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REVIEW: Leukotrienes: Lipid Bioeffectors of Inflammatory Reactions

A. Sala*, S. Zarini, and M. Bolla

Center for Cardiopulmonary Pharmacology, University of Milan, Via Balzaretti 9, 20133 Milan, Italy; fax: (39) 2-29404961; E-mail: angelo.sala@unimi.it

* To whom correspondence should be addressed.

Received July 22, 1997
The leukotrienes arise from oxidative metabolism of arachidonic acid through the action of the 5-lipoxygenase enzyme, leading to the unstable allylic epoxide leukotriene A4. This intermediate represents the substrate for two different specific enzymes, namely leukotriene A4-hydrolase and leukotriene C4-synthase, generating LTB4 and cysteinyl leukotrienes, respectively. The name "leukotriene" is referring to the cellular source (leukocytes are one of the major sources) as well as the conjugated triene that characterizes their structure. LTC4 and LTD4 are potent contracting agents of smooth muscle in airways and blood vessels; in addition, they induce mucus secretion and promote plasmatic exudation with direct action on endothelial cells. On the other side, LTB4 is known as a potent chemokinetic and chemotactic agent. A number of evidences reported in the literature underline the potential role of leukotrienes in the inflammatory responses that characterizes asthma and other pathological conditions. These potent lipid bioeffectors are synthesized during the course of inflammatory reactions and their pharmacological modulation is able to significantly attenuate the clinical manifestations associated with different inflammatory pathologies.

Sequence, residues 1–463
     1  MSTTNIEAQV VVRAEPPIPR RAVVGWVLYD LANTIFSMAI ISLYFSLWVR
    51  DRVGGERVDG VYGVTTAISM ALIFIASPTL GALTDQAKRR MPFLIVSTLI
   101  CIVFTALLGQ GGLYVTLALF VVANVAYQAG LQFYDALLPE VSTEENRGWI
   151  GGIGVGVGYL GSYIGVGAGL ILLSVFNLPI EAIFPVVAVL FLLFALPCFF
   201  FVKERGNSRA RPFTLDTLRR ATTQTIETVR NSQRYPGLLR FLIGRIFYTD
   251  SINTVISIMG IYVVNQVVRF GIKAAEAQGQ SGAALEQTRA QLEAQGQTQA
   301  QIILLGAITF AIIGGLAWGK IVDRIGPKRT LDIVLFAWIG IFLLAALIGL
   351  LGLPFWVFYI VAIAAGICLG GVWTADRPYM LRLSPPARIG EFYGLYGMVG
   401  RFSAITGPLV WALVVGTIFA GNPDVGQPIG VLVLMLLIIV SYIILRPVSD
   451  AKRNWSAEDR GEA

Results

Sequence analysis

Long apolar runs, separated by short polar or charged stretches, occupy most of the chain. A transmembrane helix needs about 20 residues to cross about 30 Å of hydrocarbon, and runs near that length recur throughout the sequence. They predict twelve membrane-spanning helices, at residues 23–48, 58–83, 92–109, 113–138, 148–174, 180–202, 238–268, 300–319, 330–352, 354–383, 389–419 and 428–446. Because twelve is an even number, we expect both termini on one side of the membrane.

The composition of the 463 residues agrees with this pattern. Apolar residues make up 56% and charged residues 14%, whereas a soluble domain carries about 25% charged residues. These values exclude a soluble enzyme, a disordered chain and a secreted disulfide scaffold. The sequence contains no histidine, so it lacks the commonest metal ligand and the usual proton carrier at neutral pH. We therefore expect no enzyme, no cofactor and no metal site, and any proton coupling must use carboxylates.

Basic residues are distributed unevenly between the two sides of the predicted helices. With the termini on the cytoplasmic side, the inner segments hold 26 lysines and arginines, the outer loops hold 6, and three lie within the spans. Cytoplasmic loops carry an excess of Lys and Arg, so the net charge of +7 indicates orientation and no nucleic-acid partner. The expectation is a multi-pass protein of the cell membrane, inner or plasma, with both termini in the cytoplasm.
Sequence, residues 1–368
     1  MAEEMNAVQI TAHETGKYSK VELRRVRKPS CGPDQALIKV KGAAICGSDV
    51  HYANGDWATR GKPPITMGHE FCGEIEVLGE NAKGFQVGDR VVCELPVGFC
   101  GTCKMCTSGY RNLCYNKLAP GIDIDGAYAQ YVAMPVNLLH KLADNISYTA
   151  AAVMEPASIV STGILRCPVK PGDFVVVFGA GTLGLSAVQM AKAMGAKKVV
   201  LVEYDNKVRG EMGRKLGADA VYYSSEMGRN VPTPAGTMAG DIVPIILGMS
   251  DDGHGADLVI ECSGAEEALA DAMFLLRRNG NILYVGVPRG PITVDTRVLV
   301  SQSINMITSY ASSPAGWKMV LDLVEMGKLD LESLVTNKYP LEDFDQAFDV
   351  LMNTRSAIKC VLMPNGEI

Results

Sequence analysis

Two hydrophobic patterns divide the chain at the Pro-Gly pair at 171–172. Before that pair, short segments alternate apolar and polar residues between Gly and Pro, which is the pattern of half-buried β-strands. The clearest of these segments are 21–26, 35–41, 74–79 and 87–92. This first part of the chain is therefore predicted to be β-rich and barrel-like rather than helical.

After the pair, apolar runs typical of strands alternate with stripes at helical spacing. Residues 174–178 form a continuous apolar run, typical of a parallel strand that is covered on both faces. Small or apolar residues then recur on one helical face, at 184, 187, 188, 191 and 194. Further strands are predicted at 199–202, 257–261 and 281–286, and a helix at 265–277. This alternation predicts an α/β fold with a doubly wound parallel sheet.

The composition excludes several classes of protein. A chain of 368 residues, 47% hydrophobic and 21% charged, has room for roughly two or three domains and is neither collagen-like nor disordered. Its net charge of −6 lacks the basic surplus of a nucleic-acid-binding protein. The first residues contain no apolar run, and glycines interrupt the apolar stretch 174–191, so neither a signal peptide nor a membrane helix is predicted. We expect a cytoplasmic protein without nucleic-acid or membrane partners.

KEY WORDS: 5-lipoxygenase, leukotrienes, chemotaxis, bronchoconstriction, leukocytes, LTC4-synthase